Men would be very confused if Pamela Anderson could cook up a storm and explain recipes very easily in a best-selling sort of way.

Men are very easily confused.

Poor things. Aren't they sweet?

React Now

Latest stories from i100
Have you tried new the Independent Digital Edition apps?
iJobs Job Widget
iJobs General

Marketing Manager - Leicestershire - £35,000

£30000 - £35000 per annum: Ashdown Group: Marketing Manager (CIM, B2B, MS Offi...

Marketing Executive (B2B and B2C) - Rugby, Warwickshire

£22000 - £25000 per annum: Ashdown Group: A highly successful organisation wit...

SEN Coordinator + Teacher (SENCO)

£1 per day: Randstad Education Leeds: Job Purpose To work closely with the he...

Research Manager - Quantitative/Qualitative

£32000 - £42000 Per Annum: Clearwater People Solutions Ltd: Our client is curr...

Day In a Page

Read Next
Piper Ryan Randall leads a pro-Scottish independence rally in the suburbs of Edinburgh  

i Editor's Letter: Britain survives, but change is afoot

Oliver Duff Oliver Duff
Some believe that David Cameron is to blame for allowing Alex Salmond a referendum  

Scottish referendum: So how about the English now being given a chance to split from England?

Mark Steel
Scottish referendum: The Yes vote was the love that dared speak its name, but it was not to be

Despite the result, this is the end of the status quo

Boyd Tonkin on the fall-out from the Scottish referendum
Manolo Blahnik: The high priest of heels talks flats, Englishness, and why he loves Mary Beard

Manolo Blahnik: Flats, Englishness, and Mary Beard

The shoe designer who has been dubbed 'the patron saint of the stiletto'
The Beatles biographer reveals exclusive original manuscripts of some of the best pop songs ever written

Scrambled eggs and LSD

Behind The Beatles' lyrics - thanks to Hunter Davis's original manuscript copies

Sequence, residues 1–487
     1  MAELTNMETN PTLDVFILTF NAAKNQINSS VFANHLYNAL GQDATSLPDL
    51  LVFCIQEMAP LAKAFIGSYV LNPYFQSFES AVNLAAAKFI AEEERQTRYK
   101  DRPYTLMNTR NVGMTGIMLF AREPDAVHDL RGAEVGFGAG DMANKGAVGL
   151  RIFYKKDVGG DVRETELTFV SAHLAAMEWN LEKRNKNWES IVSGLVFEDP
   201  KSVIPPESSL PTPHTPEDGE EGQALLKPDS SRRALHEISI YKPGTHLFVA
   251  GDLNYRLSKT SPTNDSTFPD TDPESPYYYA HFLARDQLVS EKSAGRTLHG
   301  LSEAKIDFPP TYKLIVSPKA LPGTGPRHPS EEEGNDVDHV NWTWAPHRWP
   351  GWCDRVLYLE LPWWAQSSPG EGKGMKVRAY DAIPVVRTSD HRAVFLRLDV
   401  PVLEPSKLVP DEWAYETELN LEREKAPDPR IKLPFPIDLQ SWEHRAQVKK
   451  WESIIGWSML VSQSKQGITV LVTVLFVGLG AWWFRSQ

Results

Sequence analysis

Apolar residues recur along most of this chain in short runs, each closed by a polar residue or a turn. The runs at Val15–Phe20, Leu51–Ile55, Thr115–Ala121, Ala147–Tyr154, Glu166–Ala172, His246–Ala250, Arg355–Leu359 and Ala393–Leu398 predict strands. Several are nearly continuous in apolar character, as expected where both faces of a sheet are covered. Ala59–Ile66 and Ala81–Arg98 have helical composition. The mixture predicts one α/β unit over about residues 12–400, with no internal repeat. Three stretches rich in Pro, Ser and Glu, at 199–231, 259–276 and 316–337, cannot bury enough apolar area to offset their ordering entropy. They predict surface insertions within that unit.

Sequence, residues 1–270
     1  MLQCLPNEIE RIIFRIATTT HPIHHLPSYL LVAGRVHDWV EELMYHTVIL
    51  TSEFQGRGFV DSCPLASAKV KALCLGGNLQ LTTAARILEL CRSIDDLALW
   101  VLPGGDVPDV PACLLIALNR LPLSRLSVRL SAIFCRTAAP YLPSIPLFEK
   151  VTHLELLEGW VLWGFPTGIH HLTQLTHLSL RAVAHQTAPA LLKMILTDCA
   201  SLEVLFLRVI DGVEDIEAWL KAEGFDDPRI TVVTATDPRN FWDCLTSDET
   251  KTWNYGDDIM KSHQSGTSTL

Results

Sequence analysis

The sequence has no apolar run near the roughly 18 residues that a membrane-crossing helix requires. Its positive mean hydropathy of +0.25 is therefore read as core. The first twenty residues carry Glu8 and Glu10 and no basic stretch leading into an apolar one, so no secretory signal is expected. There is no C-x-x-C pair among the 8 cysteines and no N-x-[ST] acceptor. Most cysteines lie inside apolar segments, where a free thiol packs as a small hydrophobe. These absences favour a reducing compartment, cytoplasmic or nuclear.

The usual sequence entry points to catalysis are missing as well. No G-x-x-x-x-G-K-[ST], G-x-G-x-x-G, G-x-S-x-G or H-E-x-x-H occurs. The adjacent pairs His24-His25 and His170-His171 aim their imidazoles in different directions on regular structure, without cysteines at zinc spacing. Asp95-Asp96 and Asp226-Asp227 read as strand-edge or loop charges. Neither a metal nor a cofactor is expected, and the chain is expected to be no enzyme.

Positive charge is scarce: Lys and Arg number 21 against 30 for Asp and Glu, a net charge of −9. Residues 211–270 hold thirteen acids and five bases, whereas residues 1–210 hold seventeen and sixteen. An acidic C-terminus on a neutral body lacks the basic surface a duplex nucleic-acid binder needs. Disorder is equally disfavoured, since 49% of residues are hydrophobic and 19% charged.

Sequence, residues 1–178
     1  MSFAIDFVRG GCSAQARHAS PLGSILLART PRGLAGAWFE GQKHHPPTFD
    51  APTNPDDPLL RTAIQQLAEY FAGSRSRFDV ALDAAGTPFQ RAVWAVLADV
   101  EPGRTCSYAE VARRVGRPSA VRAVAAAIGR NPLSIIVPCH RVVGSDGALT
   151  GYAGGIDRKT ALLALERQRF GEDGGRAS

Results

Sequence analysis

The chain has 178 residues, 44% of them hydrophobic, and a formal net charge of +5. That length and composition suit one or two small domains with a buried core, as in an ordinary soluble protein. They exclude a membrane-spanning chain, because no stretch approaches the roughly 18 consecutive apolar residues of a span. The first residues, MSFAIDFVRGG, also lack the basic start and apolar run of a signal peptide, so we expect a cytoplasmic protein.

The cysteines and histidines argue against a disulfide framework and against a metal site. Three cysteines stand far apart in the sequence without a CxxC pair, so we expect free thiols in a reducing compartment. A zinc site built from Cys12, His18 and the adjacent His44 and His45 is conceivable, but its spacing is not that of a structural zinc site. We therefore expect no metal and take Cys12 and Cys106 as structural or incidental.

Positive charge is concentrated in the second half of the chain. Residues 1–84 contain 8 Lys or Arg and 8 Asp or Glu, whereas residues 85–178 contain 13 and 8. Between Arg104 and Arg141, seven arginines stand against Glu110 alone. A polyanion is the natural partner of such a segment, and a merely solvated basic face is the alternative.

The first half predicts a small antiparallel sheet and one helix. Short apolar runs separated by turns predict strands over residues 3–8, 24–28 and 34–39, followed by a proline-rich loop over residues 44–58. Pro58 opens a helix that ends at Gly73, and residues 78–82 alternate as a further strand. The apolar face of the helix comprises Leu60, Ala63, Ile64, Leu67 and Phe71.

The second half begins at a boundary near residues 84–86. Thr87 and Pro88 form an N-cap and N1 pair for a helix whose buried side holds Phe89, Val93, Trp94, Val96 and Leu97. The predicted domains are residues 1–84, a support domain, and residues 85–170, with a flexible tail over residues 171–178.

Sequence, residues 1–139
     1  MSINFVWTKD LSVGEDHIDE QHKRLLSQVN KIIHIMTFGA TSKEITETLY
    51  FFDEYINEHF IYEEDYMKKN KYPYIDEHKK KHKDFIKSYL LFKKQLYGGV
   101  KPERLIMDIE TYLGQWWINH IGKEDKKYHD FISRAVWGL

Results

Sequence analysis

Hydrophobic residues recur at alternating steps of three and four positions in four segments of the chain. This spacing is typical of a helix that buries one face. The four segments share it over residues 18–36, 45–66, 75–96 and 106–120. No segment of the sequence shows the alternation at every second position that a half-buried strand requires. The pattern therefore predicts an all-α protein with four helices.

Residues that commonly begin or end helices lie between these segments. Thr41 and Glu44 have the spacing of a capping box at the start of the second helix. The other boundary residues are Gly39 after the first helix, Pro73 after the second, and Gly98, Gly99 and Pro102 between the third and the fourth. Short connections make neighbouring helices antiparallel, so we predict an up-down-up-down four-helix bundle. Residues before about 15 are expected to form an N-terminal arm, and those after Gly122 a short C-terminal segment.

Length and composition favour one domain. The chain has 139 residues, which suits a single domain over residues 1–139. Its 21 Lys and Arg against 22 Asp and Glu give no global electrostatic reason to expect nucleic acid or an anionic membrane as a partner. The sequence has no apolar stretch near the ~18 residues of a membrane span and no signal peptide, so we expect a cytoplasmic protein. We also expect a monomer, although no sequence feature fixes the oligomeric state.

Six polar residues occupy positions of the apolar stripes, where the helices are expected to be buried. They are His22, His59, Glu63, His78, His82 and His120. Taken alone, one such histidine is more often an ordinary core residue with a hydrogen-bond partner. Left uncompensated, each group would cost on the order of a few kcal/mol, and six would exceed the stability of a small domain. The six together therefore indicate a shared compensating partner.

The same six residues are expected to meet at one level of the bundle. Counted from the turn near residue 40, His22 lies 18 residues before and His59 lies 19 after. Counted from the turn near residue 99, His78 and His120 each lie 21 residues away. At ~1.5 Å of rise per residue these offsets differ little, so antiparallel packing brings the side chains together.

'Normcore' fashion: Blending in is the new standing out in latest catwalk non-trend

'Normcore': Blending in is the new standing out

Just when fashion was in grave danger of running out of trends, it only went and invented the non-trend. Rebecca Gonsalves investigates
Dance’s new leading ladies fight back: How female vocalists are now writing their own hits

New leading ladies of dance fight back

How female vocalists are now writing their own hits
Mystery of the Ground Zero wedding photo

A shot in the dark

Mystery of the wedding photo from Ground Zero
His life, the universe and everything

His life, the universe and everything

New biography sheds light on comic genius of Douglas Adams
Save us from small screen superheroes

Save us from small screen superheroes

Shows like Agents of S.H.I.E.L.D are little more than marketing tools
Reach for the skies

Reach for the skies

From pools to football pitches, rooftop living is looking up
These are the 12 best hotel spas in the UK

12 best hotel spas in the UK

Some hotels go all out on facilities; others stand out for the sheer quality of treatments
These Iranian-controlled Shia militias used to specialise in killing American soldiers. Now they are fighting Isis, backed up by US airstrikes

Widespread fear of Isis is producing strange bedfellows

Iranian-controlled Shia militias that used to kill American soldiers are now fighting Isis, helped by US airstrikes
Topshop goes part Athena poster, part last spring Prada

Topshop goes part Athena poster, part last spring Prada

Shoppers don't come to Topshop for the unique
How to make a Lego masterpiece

How to make a Lego masterpiece

Toy breaks out of the nursery and heads for the gallery
Meet the ‘Endies’ – city dwellers who are too poor to have fun

Meet the ‘Endies’ – city dwellers who are too poor to have fun

Urbanites are cursed with an acronym pointing to Employed but No Disposable Income or Savings
Paisley’s decision to make peace with IRA enemies might remind the Arabs of Sadat

Ian Paisley’s decision to make peace with his IRA enemies

His Save Ulster from Sodomy campaign would surely have been supported by many a Sunni imam